“Is there a place to go?” I asked.
“Yup. The guy was really nice, said there was a little girls room upstairs.” Sean said with his hand on the small of my back.
I stepped out of the car and said, “C’mon girls, let’s go upstairs and go to the bathroom.”
“Ok,” they chirped in unison.
We tromped upstairs, stopping every step or two to reconfirm that we were going to the bathroom.
“That’s right. We’ll go right up to the bathroom and then hit the road again,” I said ushering them up the carpeted stairs.
We walked single file down the hallways past a few doors.
“Mom, what’s hit the road? Does it hurt?” Ave asked.
“No honey, it means go.” I said.
“Hit means go?” she stopped.
“No, but go,” I said chuckling. She snickered and scampered ahead. We got to the end of the hallway and then finally into the bathroom. Briar went first while Avery played with a squat farm sink at just her height. Briar launched herself off the toilet with a whisper-shout, “Your turn, Ave!” and nearly elbowing Briar off of the sink.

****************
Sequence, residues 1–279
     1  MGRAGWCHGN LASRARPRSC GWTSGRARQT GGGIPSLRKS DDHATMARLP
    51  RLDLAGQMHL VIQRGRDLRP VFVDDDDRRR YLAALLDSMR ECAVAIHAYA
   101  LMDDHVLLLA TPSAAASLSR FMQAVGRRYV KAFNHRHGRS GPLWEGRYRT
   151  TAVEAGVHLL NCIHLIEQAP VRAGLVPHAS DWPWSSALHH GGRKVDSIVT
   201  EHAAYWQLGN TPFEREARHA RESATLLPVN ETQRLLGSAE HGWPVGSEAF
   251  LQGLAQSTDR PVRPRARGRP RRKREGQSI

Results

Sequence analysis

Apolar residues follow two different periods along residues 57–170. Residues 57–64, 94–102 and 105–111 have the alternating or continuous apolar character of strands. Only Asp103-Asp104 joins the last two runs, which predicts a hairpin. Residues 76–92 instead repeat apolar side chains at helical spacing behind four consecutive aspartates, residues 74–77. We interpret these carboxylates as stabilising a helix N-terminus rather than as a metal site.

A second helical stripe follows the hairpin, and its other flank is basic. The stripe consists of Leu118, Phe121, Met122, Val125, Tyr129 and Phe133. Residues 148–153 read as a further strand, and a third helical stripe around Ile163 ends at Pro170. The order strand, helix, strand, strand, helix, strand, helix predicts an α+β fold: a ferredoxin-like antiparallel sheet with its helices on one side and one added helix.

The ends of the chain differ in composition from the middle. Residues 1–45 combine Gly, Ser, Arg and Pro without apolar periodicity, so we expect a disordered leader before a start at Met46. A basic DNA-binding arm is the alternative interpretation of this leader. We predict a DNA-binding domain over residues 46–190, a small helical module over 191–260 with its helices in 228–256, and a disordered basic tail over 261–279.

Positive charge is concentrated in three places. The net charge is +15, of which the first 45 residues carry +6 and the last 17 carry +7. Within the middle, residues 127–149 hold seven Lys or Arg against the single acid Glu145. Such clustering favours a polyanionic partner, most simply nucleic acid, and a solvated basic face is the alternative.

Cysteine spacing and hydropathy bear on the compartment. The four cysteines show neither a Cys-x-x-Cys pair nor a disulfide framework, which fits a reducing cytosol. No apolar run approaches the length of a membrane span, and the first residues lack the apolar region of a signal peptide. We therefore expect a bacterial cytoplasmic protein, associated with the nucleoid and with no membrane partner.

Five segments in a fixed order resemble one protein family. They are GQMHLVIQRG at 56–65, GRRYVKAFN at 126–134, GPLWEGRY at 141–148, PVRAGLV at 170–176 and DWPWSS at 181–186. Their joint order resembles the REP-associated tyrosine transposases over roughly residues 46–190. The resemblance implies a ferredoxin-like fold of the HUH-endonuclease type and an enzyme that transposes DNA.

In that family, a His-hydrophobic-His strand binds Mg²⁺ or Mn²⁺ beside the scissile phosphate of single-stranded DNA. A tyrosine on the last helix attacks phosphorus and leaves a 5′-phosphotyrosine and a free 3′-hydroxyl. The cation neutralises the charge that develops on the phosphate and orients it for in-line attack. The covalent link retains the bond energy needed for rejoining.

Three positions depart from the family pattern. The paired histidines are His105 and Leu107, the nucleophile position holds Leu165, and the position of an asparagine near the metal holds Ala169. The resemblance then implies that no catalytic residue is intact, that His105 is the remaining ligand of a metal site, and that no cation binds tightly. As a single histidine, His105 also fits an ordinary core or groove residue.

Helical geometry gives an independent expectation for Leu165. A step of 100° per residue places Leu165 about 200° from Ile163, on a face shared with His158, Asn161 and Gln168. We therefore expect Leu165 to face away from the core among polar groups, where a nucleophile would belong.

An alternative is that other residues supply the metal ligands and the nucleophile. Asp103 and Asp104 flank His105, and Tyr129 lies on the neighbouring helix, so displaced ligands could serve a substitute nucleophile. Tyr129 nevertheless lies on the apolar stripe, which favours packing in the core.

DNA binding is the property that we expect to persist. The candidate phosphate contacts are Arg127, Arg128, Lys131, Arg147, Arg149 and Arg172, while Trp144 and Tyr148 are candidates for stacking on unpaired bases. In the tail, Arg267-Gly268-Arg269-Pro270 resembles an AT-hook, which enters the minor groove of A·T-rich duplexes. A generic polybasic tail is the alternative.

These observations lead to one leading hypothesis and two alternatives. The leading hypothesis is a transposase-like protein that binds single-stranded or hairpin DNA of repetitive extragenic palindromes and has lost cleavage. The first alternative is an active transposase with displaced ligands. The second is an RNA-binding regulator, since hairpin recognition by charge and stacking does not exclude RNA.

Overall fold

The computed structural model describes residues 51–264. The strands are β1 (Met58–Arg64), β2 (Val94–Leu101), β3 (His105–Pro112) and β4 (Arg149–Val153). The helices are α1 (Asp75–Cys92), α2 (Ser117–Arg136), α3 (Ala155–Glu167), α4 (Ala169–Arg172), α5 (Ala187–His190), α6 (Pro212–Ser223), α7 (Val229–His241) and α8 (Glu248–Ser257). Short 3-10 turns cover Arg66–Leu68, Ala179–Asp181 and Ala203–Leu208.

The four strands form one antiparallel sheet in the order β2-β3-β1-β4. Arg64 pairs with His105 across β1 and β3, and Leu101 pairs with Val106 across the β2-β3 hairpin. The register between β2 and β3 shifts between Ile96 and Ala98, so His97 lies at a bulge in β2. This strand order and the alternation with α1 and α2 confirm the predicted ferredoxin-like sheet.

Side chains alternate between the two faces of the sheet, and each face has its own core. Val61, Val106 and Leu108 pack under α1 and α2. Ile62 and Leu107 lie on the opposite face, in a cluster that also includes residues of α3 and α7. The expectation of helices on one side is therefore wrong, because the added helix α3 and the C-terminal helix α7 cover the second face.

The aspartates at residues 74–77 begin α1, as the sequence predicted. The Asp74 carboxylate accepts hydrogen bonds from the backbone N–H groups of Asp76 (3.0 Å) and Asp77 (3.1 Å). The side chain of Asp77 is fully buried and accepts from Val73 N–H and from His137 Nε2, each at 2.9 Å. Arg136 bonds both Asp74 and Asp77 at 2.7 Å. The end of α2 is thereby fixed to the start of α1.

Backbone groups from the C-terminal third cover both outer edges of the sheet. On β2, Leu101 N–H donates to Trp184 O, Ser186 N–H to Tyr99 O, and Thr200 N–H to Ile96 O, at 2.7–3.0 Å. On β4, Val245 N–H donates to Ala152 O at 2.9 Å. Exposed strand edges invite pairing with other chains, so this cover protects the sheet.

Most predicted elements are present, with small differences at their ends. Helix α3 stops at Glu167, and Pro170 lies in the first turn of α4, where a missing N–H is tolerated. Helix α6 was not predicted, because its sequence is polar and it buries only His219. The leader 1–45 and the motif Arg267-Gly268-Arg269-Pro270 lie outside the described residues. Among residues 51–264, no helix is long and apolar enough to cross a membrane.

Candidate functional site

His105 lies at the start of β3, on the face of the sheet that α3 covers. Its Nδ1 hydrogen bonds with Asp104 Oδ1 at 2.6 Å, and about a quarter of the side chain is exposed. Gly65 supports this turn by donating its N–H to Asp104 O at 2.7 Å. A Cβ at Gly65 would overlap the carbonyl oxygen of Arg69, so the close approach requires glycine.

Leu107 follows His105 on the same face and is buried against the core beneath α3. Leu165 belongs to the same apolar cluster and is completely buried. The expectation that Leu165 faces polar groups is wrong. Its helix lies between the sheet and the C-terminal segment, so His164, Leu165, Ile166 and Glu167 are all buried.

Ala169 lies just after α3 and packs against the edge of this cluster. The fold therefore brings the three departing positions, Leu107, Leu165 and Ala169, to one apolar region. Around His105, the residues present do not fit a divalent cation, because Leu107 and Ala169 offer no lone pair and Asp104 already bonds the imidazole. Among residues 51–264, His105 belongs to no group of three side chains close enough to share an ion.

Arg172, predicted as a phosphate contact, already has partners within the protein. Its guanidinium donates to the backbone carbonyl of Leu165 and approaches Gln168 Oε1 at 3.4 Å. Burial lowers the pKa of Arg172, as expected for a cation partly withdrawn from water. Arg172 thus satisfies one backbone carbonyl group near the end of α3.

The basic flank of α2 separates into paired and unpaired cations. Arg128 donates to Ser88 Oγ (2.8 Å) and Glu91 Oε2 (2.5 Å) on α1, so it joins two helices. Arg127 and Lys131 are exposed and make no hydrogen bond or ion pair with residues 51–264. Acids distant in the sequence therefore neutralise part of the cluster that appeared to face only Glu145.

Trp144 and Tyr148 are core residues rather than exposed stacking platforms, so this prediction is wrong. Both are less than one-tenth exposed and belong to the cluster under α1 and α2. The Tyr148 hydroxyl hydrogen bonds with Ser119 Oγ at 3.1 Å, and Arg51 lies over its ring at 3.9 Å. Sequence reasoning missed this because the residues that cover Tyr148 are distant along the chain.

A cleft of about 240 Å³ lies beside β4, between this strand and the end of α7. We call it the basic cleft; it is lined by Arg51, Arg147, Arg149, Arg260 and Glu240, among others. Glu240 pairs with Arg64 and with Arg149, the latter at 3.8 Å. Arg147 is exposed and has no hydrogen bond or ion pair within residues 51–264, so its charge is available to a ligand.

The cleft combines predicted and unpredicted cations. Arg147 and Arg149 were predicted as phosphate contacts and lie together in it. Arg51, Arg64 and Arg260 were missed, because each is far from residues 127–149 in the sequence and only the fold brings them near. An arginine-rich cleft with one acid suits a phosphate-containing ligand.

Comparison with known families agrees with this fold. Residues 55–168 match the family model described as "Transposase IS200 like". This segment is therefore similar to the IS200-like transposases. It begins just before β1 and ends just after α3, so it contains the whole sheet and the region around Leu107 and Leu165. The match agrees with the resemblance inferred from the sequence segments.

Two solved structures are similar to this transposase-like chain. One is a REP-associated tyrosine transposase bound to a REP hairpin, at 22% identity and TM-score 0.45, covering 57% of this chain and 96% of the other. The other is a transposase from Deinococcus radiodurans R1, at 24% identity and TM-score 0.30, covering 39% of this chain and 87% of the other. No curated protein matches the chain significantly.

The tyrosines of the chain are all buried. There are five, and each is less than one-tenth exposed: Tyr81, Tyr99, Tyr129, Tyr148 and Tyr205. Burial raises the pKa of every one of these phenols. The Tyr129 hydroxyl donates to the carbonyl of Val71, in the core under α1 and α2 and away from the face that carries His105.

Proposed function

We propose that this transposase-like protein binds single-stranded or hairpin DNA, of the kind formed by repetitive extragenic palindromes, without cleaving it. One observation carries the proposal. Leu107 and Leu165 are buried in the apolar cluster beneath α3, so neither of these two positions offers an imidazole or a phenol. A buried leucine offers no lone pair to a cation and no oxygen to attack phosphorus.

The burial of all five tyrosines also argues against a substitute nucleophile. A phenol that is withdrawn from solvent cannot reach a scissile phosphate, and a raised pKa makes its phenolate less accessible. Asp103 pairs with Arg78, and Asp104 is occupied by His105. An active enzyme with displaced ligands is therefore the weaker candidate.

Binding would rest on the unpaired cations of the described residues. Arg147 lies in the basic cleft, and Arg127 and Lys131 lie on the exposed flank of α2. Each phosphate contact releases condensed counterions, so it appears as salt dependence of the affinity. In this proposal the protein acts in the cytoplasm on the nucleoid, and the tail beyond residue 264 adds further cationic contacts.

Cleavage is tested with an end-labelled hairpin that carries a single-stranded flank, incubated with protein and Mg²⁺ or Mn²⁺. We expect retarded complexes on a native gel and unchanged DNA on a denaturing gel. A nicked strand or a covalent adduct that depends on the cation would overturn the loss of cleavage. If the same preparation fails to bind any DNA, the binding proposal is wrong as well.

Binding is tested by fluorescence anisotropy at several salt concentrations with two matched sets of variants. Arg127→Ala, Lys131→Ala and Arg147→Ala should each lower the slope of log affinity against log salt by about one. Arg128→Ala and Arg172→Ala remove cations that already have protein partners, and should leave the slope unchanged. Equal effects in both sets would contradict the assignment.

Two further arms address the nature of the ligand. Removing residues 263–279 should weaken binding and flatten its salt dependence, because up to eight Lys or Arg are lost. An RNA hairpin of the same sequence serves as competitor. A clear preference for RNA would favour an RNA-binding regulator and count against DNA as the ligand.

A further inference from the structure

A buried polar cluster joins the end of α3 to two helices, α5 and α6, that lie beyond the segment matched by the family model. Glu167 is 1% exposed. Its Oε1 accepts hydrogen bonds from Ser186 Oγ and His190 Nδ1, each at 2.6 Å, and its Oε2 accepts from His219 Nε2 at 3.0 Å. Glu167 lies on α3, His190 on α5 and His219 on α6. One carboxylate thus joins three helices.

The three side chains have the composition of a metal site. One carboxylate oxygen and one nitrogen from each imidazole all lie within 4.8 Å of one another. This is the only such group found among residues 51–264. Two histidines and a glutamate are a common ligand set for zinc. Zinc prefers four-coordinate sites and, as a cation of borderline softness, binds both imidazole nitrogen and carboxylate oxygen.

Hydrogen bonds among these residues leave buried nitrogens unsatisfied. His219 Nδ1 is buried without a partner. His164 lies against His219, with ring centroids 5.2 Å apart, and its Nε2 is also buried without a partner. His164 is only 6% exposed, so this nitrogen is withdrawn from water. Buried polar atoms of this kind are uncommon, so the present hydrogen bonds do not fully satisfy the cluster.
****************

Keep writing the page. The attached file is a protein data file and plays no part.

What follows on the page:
Avery sat and did her thing, cat one point shushing Briar. After she was done she went to the sink to wash her hands.
“Mom?” Ave asked in a stage whisper.
“Mom, after I wash my hands can we see the little girl?” She asked hopefully.
“What little girl?” I asked.
“The little girl who lives here and uses that little sink. Can we see her?” She asked as I clumsily put together in my head that she was referring to the little girl of Sean’s “little girls room,” comment.
“No, we can’t honey,” I said as I dried her hands.
“Why, cause she’s sleeping?” she asked looking up at me. Her eyes were so dark, so expectant that I lost myself in the moment of thinking of nothing but her face.
“Mom, it’s ok. I’ll hold Briar’s hand and we’ll walk without waking her up, ok?” She and Briar were already holding hands.
It’s these moments when I am able to occupy not just the space near her, but the trajectory of her thoughts, that I find myself being weak, and riding rather than steering. One day I’ll need to explain, but not this day.
This day and the days ahead will embrace sleeping little girls, fairies in gardens and anything else that the three shades of blue in my daughters’ eyes are able to see.